And the folks who run these systems understand security and network effects better than anyone else out there. Proof? They’re incumbents.
In this light, the Keep Big Tech Out Of Finance Act is a defensive measure that operates on several distinct, though interrelated, planes:
- credible anti-monopolistic measure (applies to BigTech firms valued at $25B+);
- a meta sector-wide divide & conquer governance tactic (Wall Street v. BigTech cartelization);
- rent-seeking (regulation and taxation of crypto earnings [with sporadic redistribution in the form of class action settlements and centralized consumer protection restitution schemes]) as tactic of retaining not only relevance, but indispensability);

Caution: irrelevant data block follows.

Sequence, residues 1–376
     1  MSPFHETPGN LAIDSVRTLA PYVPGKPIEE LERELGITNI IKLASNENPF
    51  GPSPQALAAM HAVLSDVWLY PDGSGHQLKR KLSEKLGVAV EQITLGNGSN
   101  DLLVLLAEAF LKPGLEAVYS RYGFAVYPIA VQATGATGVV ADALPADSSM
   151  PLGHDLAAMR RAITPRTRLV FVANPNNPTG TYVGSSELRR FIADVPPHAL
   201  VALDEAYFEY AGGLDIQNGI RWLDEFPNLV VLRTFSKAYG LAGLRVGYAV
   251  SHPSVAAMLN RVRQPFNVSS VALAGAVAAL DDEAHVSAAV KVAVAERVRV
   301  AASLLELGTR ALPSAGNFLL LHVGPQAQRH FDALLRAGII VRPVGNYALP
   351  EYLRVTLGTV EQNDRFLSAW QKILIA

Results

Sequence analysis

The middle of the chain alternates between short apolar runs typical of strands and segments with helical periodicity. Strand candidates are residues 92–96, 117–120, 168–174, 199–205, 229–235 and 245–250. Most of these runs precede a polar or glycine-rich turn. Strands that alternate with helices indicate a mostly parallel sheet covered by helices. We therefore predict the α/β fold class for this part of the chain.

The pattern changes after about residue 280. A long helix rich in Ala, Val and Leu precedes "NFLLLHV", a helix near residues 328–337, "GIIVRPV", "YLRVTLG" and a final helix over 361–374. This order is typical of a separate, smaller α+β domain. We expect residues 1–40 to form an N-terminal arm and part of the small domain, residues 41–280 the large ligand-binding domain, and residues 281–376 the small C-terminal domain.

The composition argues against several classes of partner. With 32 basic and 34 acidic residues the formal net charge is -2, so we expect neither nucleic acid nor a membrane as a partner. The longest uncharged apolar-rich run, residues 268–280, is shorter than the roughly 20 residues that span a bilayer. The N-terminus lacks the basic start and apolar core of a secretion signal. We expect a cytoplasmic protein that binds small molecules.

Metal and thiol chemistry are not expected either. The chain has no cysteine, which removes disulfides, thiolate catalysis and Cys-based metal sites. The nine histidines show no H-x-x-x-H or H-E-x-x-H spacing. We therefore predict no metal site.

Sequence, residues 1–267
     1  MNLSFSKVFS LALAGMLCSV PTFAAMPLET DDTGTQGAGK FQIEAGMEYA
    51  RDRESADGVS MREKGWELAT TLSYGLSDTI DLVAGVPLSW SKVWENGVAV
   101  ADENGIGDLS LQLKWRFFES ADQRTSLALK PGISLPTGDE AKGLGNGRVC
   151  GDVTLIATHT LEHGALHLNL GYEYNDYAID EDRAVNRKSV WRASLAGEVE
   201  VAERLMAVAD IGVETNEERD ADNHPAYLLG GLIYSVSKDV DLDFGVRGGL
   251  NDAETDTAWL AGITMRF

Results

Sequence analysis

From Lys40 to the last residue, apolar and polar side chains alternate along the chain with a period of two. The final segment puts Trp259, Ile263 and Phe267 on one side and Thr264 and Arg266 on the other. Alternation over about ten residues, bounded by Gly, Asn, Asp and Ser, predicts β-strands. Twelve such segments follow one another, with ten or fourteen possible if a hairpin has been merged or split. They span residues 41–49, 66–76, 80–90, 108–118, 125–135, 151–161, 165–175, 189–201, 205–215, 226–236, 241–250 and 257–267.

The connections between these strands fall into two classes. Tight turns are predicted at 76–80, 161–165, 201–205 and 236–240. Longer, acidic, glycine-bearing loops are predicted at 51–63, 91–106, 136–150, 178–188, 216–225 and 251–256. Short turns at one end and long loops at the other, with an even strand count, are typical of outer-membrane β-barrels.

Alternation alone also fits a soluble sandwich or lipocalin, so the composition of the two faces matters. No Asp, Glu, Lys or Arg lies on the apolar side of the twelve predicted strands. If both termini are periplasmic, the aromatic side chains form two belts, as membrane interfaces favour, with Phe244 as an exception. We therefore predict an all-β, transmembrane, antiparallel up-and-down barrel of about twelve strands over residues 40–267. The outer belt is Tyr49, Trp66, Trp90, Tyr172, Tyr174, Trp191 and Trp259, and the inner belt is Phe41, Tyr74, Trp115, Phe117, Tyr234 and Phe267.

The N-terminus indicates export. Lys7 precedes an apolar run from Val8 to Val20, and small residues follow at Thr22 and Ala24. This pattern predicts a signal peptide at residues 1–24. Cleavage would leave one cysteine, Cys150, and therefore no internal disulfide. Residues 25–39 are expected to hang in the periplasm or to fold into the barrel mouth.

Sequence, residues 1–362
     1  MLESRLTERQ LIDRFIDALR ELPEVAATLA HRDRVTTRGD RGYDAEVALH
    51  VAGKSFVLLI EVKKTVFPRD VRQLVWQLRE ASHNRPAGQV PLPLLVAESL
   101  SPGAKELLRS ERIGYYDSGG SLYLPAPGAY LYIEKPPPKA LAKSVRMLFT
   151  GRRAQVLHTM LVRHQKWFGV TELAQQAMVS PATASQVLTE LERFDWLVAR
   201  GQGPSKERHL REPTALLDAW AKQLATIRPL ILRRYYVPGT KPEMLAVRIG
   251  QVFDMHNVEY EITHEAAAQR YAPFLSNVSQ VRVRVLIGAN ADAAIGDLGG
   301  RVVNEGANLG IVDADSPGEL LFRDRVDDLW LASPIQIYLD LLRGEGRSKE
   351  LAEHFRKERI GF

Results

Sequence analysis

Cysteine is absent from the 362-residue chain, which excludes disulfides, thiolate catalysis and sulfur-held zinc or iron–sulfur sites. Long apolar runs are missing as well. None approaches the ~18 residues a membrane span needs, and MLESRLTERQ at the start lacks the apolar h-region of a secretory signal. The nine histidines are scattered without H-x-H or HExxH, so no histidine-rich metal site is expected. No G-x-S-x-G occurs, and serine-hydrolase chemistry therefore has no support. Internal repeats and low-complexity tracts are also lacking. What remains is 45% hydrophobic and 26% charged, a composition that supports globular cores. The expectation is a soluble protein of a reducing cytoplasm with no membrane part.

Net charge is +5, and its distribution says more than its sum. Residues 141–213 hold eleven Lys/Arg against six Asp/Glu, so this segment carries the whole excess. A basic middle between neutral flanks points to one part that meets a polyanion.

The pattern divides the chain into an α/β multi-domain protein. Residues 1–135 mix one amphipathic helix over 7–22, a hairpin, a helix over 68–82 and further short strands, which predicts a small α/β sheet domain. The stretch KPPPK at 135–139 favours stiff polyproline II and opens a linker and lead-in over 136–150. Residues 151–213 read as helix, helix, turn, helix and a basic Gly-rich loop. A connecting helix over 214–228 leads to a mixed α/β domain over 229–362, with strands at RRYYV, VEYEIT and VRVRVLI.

- global governance & geo-politics (control of BigTech as control over other vectors and domains of economic sovereignty).
State Money v. Money State
Viewed in this deeper symbiotic and adversarial context, it becomes clear that crypto is not a threat to the state. If anything, it’s a demand that states prove their own indispensability, instead of just demanding that everyone take it on faith.
Today, every state is redefining its raison d’être in light of crypto.
That’s good for everyone, as any new thinking is better than staid thinking. That’s why crypto should continue to engage with the work of bodies like the G20 Financial Action Task Force (FATF) and other global, regional, national, and sub-national governance efforts. Being at the table is better than eating the scraps.